The tzar is an embodiment of guilt and self loathing. I'm crap and don't deserve to be happy. But there's also something a bit more insidious: I'm playing a role. I tell people how crap things are and I want their sympathy, therefore I can't be happy cos that wouldn't fit the role. But... maybe I don't actually need their sympathy? Maybe things aren't so bad after all? Maybe this life, which on the face of it looks like a mess, is actually quite pleasant and stress free and not so bad after all?

But then I start worrying about money and the future and the fact that people have told me I'm crap at what I'm trying to do, and the stress returns and I can't believe I ever said I was happy...

Part of this is a typical me thing: I think in black and white. Intelectually I know the world isn't that simple. Not only do I know it, I appreciate its beauty. As a novelist I love the fact that you can have characters who are contradictory, who are both good and bad, cos that's real life, man. But despite all of that... somehow the basic me, the one who just reacts to stuff and doesn't think about it, wants everything to have a nice neat box to live in. And gets continually confused about whether I'm living in the Happy box or the Unhappy one. (both. I'm living in both. Why is that so hard to grasp? It's normal. I'M BOTH.)

But anyway, trotting quickly past the confusion of what box I'm living in, there is another issue: Why on earth am I even trying to be happy? Isn't that just the most bourgeois self-indulgent thing you ever heard? Happiness? Pah! Most people don't even have the option.

Why do I think such a thing is even attainable? Why should I deserve it? What's so special about me? Why do I keep chasing after it, even though it's so obviously hard to find? Why don't I just accept that life is hard and that's the way it's meant to be?

A few people have said to me things like, "No job is worth this. You shouldn't have to go through this kind of shit. If it's making you this unhappy, just get out."

And I sort of did. I got out of one particularly nasty job, but I'm still flailing my fists at the door of the same career, hoping they'll let me back in, with no guarantee that I won't end up in the same old shit. Part of me thinks, well done me for escaping one bit of crap and still holding out to minimise any more... but part of me thinks, who am I trying to fool? What makes me any different? Why should I get an easy ride? - and how presumptuous of me to even aim for one.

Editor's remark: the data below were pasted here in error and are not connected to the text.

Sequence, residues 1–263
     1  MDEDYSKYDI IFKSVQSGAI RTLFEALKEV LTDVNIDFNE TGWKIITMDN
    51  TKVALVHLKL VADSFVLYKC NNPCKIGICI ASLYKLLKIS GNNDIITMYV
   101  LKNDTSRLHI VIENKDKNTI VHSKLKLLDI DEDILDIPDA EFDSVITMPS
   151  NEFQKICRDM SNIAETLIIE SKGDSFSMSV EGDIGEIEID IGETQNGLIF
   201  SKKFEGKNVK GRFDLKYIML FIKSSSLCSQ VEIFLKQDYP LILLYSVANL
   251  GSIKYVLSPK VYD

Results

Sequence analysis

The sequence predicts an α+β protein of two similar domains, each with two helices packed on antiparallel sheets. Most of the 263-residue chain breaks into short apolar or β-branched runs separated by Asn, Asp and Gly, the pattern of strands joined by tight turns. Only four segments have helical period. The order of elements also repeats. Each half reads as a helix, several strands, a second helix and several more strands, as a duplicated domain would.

I spout a lot of hippy shit to myself, some of it mangled through a second-hand Buddhist sieve, but it generally goes along the lines of keep calm, be nice to yourself, chill out, stop worrying, cuddle your kids... and poor and calm is better than rich and stressed. But let's face it, that kind of crap is the preserve of the middle classes - those people who have nice houses and spare time and can afford to talk like that. OK, yes, I have no job and no money and neither does my partner. But we're not poor like really poor people are poor. We have a big house and a small mortgage. We have qualifications and skills and connections and Nice Families and the gift of the gab and a million advantages that the truly poor people just don't have.

The irony is that the middle-class-ness both opens the door to the pursuit of happiness as well as slamming it firmly in my face with a guilt-clad chattering glove.

So, you know. Happy? Me? Well I might be, if I would only let myself.